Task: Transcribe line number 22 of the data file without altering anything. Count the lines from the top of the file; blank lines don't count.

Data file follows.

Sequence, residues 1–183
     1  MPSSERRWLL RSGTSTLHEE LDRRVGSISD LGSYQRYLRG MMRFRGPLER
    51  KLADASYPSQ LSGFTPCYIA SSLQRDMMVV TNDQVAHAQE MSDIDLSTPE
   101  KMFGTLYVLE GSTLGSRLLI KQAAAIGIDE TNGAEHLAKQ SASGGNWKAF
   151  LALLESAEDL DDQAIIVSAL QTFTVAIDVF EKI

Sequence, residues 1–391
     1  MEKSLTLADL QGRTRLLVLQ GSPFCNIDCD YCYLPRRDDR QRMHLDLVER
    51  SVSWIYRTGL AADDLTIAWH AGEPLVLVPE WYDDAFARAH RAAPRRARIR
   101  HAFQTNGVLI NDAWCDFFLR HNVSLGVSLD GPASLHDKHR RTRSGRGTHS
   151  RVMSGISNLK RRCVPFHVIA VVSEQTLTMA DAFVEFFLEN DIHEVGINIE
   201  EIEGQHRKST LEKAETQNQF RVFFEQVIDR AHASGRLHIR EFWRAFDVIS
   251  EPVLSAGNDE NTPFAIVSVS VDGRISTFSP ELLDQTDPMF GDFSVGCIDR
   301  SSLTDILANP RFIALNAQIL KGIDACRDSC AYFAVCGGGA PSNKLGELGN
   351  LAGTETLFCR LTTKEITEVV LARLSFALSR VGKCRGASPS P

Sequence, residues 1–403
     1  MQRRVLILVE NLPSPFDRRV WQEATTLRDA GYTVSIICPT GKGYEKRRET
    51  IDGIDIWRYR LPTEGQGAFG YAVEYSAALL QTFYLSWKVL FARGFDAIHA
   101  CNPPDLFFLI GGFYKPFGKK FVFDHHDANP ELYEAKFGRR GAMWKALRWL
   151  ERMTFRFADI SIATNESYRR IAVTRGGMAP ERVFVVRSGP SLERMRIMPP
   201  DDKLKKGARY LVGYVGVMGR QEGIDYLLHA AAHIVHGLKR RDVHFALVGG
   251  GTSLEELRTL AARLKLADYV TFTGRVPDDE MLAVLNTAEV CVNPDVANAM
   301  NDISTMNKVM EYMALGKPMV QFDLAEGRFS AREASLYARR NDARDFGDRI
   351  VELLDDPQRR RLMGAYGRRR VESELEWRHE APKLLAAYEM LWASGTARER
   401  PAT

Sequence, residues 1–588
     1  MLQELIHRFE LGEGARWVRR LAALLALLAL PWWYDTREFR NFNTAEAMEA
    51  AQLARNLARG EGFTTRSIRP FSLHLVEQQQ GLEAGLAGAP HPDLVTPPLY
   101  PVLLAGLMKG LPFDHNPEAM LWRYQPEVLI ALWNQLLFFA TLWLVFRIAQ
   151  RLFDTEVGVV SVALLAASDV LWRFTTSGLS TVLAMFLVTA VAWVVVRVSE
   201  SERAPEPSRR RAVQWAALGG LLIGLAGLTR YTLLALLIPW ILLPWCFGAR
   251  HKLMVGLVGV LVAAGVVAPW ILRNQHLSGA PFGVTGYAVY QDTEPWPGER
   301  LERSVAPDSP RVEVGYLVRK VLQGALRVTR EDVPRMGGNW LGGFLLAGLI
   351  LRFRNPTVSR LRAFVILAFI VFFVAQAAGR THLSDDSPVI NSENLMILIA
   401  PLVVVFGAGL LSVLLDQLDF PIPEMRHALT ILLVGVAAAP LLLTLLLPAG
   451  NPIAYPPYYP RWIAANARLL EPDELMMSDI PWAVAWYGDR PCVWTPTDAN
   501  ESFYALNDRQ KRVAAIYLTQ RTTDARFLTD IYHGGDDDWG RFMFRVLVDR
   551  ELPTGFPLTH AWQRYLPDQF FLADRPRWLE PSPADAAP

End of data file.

   301  NDISTMNKVM EYMALGKPMV QFDLAEGRFS AREASLYARR NDARDFGDRI